by Ed Biggs
The hybrid genre of so-called ‘folktronica’ is more in vogue now than in any point in last 20 years, but English singer-songwriter Beth Orton was laying languid beats underneath acoustic guitars when the likes of Alt-J were still learning to walk. As a regular guest vocalist for The Chemical Brothers, Orton was the comedown queen, a sultry siren guiding bleary-eyed ravers back to reality. Subtle flourishes of electronica and Sunday morning rhythms embellished her first two widely-released albums, 1996’s Trailer Park and 1999’s Central Reservation, both critically revered and nominated for Mercury Prizes as she even scooped Best British Female at the 2000 BRIT Awards. However, upon the turn of the millennium, her albums became rather more conventional and infrequent as she concentrated on raising her two young children.
Her sixth album, and first in four years since the pretty but forgettable Sugaring Season, sees Fuck Buttons’ noise terrorist Andrew Hung tasked with bringing a previously respected but sadly forgotten name back to prominence. Kidsticks is the quirky and sometimes brilliant result. Textures are the key here, rather than the easy-going hooks of her glory years, with Hung’s fingerprints all over the percussion and hi-hat loops and overlapping vocal snippets of opener ‘Snow’ as Orton murmurs “I’ll astrally project myself / into the life of someone else” in her inimitable way, and the more ambient-leaning highlights ‘Dawnstar’ and ‘Falling’.
Old fans will detect a familiar vibe to a lot of it – lead single ‘Moon’ particularly evoking the kind of sonic bed that the Chemical Brothers used to make for her in the ‘90s, while the cross-rhythms of ‘Wave’, the gentle ‘Flesh And Blood’ and the strong beat and rhythm of new single ‘1973’ also feel very much like Orton is back doing what she does best. Towards the end of the record, Orton’s presence is lost in the production a little too much, with the spoken-word haze of ‘Corduroy Legs’ being a little too subtle for its own good.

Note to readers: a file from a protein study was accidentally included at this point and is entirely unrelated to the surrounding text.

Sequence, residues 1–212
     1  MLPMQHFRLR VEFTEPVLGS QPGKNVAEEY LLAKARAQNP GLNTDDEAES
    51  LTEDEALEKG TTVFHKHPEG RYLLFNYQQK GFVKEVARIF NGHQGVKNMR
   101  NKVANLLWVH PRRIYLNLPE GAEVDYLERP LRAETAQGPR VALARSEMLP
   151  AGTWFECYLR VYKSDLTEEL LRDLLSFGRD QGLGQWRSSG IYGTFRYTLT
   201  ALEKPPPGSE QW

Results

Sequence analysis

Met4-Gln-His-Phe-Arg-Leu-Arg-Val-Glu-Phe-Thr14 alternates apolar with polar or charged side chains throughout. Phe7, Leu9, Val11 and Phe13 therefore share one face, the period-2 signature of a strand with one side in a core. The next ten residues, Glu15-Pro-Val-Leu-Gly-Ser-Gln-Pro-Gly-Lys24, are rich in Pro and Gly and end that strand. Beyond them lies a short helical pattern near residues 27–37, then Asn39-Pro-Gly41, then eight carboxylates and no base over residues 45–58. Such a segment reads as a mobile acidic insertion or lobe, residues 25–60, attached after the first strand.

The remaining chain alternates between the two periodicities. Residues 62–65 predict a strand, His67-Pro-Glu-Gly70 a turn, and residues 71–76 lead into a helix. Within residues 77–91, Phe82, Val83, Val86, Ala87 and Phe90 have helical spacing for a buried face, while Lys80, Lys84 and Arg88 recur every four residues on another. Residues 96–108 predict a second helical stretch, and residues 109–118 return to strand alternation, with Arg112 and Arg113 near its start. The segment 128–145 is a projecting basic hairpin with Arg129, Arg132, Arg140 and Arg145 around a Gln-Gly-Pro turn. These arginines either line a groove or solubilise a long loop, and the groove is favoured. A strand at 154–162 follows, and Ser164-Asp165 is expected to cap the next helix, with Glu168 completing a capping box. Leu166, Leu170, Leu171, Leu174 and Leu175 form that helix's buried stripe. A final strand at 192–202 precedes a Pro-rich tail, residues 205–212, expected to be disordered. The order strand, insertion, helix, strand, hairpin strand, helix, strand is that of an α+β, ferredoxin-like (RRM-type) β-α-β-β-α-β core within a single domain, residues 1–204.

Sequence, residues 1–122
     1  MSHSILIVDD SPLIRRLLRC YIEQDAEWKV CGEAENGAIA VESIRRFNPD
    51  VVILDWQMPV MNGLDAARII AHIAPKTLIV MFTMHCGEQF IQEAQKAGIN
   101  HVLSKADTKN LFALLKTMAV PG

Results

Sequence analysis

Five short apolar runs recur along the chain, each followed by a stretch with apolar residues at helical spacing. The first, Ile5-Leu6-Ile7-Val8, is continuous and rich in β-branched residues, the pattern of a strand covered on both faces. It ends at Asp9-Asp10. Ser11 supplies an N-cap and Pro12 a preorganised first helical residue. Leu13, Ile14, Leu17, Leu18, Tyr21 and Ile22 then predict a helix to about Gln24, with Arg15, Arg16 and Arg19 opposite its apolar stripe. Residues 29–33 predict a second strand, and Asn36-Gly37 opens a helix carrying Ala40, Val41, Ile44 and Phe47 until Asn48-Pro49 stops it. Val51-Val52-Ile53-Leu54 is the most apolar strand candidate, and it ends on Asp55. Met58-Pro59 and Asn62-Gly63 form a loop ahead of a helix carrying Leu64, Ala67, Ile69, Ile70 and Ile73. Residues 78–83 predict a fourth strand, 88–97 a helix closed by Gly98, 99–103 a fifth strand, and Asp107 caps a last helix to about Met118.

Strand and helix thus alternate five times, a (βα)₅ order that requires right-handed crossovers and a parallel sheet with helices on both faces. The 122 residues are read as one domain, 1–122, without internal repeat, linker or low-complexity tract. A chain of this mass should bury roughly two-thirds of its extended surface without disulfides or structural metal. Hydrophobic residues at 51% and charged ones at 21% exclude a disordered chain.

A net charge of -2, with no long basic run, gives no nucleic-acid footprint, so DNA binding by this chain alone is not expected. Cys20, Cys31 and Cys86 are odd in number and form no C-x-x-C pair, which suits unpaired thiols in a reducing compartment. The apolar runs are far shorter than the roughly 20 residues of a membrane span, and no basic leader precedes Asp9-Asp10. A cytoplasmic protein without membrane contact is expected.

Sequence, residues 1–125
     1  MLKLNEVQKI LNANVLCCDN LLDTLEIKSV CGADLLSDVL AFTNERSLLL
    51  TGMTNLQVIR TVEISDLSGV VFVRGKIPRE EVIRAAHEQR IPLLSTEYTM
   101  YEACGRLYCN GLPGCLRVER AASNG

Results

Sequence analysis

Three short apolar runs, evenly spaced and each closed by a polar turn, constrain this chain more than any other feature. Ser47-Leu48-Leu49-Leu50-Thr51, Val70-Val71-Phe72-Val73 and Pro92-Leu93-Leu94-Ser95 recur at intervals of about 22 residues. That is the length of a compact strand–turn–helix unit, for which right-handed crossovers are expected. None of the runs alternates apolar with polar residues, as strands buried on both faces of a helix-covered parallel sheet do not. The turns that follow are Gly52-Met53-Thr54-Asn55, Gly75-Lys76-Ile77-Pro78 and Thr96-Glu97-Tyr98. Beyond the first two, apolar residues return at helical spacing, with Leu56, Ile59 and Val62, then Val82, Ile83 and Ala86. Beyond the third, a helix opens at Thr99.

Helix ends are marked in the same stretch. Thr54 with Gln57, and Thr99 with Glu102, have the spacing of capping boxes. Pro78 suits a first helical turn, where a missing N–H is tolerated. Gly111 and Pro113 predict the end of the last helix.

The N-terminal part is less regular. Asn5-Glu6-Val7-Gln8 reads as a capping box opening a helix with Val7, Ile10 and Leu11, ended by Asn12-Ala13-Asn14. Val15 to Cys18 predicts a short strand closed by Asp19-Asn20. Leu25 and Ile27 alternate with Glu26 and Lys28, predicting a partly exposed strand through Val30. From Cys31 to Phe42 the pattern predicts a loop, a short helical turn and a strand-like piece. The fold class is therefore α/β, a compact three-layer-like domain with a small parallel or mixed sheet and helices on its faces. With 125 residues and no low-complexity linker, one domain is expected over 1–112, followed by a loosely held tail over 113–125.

Kidsticks isn’t a re-tread of old territory per se, but more of an update, a fresh approach to an existing design, distinctive enough to stand on its own and retaining enough of the familiar for it to count as a return to form. Orton’s voice remains as curiously expressive as ever, lending genuine heartfelt resonance to the likes of ‘Flesh And Blood’, the most normal-sounding track here, and giving off the appropriate dispassionate atmosphere for the more rhythm-orientated abstractions. (7/10)
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Tags: album, Andrew Hung, Anti, Beth Orton, Ed Biggs, Kidsticks, review
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